Tony Dow, all-American on ‘Leave It to Beaver’, has died at the age of 77

Tony Dow, the actor who loved himself to millions of TV viewers as Wally Cleaver, the all-American older brother on the wholesome sitcom “Leave Him to the Beaver,” died July 27 at his home in Topanga, California. He was 77 years old.

His manager, Frank Bilotta, said the cause was complications from liver cancer. Mr. Dao’s management team erroneously announced his death the day before, based on false family information.

Aired from 1957 to 1963, Leave It to the Beaver depicted an idyllic American family in the suburbs after the war, and became a cultural touchstone for the baby-boom generation. Hugh Beaumont was the always handsome and patient dad, Ward Cleaver, and Barbara Billingsley played the glamorous and understanding mother, June, who always wore high heels and always put her boys in their beds.

The adorable title character—the freckle-filled Theodore “Beaver” Cleaver—was starred by Jerry Mathers, who was eight when the show started. Mr. Dao, who was 12 years old, played the well-meaning and athletic eldest son, Wally, who was developing an interest in girls. Ken Osmond had a memorable and recurring role as Wally’s unfaithful friend Eddie, who was always accepting of adults.

The sitcom started on CBS but appeared in most of its show on ABC which took third place and did not have much success in the ratings. But thanks to its sweet, sarcastic sense of humor and attractive actors, it thrived in promotion far longer than the most popular family comedies of the era, including “The Adventures of Ozzie and Harriet,” “Father Knows,” and “The Donna Reed Show,” the television researcher noted. Robert Thomson.

With his light brown hair, blue eyes and the athletic build of a championship diver – who he was before joining the show – Mr. Dow was promoted as a teen heartthrob and received more than 1,000 letters from fans a week at the sitcom’s climax. Years later, Mathers recalled, Mr. Dow looked a lot like his “cool” character: soft-spoken, gentle, and possessing the gymnastic skills he had shown by going up and down stairs on his hands.

When he discovered that the options for a former child actor were limited, Mr. Dow was making his living on the dinner theater circuit of the 1970s. One of the producers, ascending to Kansas City, Missouri, producing the swinging bachelor farce “Boeing, Boeing,” had an idea for a Mr. Dow and Mathers reunion. To their shock, they met packed and excited audiences for weeks.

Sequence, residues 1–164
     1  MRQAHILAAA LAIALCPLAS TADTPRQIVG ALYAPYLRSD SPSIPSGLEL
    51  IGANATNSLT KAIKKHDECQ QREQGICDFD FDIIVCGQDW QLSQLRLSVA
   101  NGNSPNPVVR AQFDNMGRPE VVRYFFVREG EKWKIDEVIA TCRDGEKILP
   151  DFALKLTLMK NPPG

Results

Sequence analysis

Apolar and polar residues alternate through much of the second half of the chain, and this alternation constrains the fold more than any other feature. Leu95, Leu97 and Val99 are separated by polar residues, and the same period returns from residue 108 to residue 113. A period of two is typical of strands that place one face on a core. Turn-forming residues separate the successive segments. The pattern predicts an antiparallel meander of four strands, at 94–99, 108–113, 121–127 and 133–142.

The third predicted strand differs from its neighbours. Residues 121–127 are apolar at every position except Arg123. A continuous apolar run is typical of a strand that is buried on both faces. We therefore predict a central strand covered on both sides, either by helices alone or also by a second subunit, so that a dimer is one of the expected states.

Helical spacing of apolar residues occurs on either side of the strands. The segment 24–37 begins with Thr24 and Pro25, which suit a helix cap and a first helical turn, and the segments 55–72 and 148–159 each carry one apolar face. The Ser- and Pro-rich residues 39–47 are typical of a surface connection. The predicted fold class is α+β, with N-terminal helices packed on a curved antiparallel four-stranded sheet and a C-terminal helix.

The two actors toured in another movie, “So Long, Stanley!” For more than a year before Hollywood producers and other surviving members of the original “Leave It to Beaver” cast – Beaumont died in 1982 – hired them for CBS. TV reunion movie “Still the Beaver” (1983).

Wally was now a successful lawyer, Beaver was unemployed and divorced and trying to deal with his abusive sons, and June was still giving helpful home advice. The show broke ratings and produced two sitcoms, notably “The New Leave It to Beaver” on Ted Turner’s superstation, WTBS, from 1986 to 1989.

Watching the revival of “The Beaver” has been likened by many critics to entering a period of time. But Mr. Dow defended the enduring appeal of idealistic Cleavers amid a rapidly changing television culture.

“When I watch a show about drugs, it can be a fun story and I can participate in it, but it doesn’t have the same kind of definition as when Beaver took his father’s electric drill and punched a hole in his garage door,” Mr. Dow told the Houston Chronicle in 1988. From stories is what makes real life, and growing up from childhood to adulthood. People say the show is milk and cake, but I don’t agree. I think it’s the essence of growing up.”

Anthony Lee Dow was born in Hollywood on April 13, 1945, and grew up in the Van Nuys district of Los Angeles. His mother was once Mac Sennett the “Bathing Beauty” who became the physical double of silent film star Clara Bow and, for a while, a stuntwoman in the West. His father designed, built and remodeled homes.

Mr Dow said he grew up with no particular interest in show business, focusing instead on athletics. He was a trampoline player as well as a swimmer and junior Olympic diving champion and western nations. In 1956, when he was 11, a lifeguard, an older man with acting ambitions, asked him to audition with him on a family adventure TV show called Johnny Wildlife.